Wednesday, June 4, 2014

That finer nature

 So perhaps I have come to what I think is this finer vibration in me.

 It's quite unusual, relative to my ordinary state; and it becomes a regular companion, perhaps even a constant one. The mind and the body know one another; and the mind of the body is always here with me, in sensation, so that we form a partnership. It's quite clear that there is a finer and more precise relationship between the mind and the body in this state; I find it interesting, and I am willing to invest in it.

Yet this finer vibration isn't whole, does not find its fulfillment within Being, unless the feelings enter, and they are a still finer level of vibration that completely suffuses and penetrates the vibration between mind and body.

It is third force.

Now, I have heard about third force before, and of course it has many meanings, but in terms of the three centers, the three minds, it specifically means this reconciling factor that resolves the duality of mind and body by making the sensation deeper and more whole. In this instance, distinctive emotional states arrive, which are separated from any specific event and emerge from themselves, as though whole cloth appeared without any loom to weave it on.

 I'm accustomed to reading my emotional reactions out of associations, so when feeling arrives spontaneously, and fully formed, without a specific subjective attachment — and yes, we mistakenly call our reactions to subjective experiences feelings — I begin to sense, for the first time, through this fine vibration, all the other aspects of reality. It is, for all intents and purposes, the Dharma, or Truth. It preexists; and when we speak of mysteries, perhaps this is one of the greatest ones.

Perhaps some would hesitate to say exactly what this feeling is; and of course, everyone wants the feeling, the higher feeling, that one receives to be called bliss, or joy, or peace. After all, these seem desirable, and if we do inner work, we usually tell ourselves this is what we want. We forget that we should not want anything; that we should stop wanting, and that what we want is our enemy. Only by being completely open to these objective feelings, which are not related to what I want and "need" for myself, as I see it, can I begin to understand what real feeling is.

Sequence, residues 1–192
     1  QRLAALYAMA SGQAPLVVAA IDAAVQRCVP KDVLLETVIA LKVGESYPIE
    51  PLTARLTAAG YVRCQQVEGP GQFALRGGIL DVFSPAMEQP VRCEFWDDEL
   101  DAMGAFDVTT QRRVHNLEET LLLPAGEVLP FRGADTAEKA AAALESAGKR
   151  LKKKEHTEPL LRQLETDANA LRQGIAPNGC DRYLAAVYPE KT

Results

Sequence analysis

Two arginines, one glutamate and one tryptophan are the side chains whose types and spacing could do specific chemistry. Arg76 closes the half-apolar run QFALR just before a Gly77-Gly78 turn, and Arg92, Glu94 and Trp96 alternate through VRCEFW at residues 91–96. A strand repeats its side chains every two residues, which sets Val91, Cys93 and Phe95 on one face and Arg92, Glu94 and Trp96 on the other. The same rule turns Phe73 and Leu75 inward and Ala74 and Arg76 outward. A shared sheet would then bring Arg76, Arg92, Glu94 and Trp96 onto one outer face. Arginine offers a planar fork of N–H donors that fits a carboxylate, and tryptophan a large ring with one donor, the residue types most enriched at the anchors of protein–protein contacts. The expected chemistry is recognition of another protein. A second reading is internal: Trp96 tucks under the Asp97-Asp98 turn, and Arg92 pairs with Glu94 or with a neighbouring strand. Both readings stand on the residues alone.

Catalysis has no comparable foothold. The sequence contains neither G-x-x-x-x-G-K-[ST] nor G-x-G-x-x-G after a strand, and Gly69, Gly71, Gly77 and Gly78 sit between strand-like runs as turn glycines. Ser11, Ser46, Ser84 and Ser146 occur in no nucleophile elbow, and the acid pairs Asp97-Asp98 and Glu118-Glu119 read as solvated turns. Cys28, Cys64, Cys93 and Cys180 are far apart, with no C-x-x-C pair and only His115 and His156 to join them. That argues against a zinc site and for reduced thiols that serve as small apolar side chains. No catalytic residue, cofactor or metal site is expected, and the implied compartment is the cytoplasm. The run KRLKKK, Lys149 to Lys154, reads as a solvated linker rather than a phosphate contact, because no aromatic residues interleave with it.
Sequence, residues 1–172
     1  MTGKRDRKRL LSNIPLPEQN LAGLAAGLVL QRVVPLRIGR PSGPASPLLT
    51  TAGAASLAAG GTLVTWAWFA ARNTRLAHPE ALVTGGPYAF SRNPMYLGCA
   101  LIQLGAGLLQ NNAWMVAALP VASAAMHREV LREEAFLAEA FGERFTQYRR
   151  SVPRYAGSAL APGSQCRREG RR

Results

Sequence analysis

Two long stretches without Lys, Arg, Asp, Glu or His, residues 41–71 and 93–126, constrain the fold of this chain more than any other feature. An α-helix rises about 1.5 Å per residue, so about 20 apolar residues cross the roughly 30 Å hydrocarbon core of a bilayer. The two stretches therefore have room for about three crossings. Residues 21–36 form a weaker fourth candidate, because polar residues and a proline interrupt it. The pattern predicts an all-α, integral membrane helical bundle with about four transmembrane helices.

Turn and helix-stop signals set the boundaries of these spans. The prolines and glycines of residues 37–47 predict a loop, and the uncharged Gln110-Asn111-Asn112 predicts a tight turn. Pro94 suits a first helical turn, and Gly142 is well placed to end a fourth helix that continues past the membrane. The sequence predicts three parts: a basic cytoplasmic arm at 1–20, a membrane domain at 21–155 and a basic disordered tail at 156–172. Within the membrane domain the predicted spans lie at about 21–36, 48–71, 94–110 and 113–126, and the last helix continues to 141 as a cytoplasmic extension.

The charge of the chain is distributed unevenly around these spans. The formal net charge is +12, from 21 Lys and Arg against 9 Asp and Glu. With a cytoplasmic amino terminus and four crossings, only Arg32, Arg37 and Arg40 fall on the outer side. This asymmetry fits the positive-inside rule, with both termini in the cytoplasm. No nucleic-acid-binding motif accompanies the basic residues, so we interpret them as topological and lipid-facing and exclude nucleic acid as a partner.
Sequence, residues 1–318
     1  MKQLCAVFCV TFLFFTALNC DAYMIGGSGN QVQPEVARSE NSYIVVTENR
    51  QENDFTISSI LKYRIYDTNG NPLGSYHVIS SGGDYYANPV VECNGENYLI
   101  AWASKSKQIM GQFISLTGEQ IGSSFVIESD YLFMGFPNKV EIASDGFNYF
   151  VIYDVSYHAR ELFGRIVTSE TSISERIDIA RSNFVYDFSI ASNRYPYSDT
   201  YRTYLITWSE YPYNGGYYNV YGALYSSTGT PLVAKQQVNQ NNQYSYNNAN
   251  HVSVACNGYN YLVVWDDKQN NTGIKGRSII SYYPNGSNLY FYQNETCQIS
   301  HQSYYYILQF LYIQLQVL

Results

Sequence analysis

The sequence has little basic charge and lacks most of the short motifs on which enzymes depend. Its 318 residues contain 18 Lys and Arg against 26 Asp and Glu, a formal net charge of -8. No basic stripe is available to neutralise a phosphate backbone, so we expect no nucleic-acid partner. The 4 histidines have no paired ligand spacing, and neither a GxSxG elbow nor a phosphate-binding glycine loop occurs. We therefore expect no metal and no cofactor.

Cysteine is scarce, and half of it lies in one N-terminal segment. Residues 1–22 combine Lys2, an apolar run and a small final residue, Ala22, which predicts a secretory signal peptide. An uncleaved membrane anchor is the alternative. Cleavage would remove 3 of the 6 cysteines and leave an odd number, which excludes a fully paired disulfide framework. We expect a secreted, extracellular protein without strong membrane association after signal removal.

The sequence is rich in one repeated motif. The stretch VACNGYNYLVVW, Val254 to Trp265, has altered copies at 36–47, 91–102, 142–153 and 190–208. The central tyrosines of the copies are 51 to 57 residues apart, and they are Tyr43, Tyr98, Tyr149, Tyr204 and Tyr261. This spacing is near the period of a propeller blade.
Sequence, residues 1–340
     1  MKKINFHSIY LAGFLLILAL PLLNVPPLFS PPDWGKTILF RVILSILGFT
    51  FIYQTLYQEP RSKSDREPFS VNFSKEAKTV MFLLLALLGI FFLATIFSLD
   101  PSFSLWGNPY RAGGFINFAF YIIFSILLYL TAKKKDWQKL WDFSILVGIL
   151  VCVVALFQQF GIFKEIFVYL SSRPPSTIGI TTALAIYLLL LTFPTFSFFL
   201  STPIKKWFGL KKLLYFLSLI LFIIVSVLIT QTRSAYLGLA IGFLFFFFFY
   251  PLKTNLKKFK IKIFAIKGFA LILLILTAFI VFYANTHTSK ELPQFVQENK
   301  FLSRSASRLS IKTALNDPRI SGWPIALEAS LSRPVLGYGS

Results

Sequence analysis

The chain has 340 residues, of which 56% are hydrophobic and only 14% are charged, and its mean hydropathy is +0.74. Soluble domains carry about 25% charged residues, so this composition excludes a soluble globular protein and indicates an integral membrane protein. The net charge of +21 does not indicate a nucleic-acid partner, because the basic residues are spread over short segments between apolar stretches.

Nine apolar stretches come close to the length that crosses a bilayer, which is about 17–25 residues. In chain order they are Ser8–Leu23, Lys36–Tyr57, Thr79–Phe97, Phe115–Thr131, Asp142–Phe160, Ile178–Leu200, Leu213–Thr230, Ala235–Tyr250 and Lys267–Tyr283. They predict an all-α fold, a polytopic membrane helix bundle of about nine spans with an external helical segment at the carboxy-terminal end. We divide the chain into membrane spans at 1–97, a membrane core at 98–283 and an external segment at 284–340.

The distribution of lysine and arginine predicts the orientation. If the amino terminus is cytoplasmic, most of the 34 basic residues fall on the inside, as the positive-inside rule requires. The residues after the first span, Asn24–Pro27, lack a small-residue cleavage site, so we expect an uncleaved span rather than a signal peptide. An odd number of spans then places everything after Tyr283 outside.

Real feeling contains all feelings within it, so it is not just bliss, or joy, or peace. If one considers this carefully with the functioning parts of one's intelligence (not the mechanical ones) of course one realizes at once that it would be impossible to have feeling that did not contain everything, even though feeling will tend to be dominated by one or another part of its own form. Yet the real and deepest part of feeling is formed through sorrow, and Gurdjieff made this clear enough. One may think it is a privilege or grace to experience joy or bliss; but there is so much more grace and bliss and joy in the experience of God's sorrow that to taste it even once makes one long for it far more than any joy. And this is not because we should like sorrow more than joy, or be masochists or depressives; it is because the sorrow contains the truth of all and everything, far more so than any other single aspect of feeling.

Contemplate Christ on the cross, if you want to understand this a bit better.

 When Gurdjieff spoke of the sorrow of His Endlessness, he did not mention it as the nectar that flows from heaven; but there is no honey sweeter than this feeling-vibration, and the whole sense and aim of existence is to come into relationship with the fineness of this level of vibration, to take it into ourselves, so that we can understand it much more deeply.

There is no surer way to put the ego in its right place, and know what real love is.

Hosannah.

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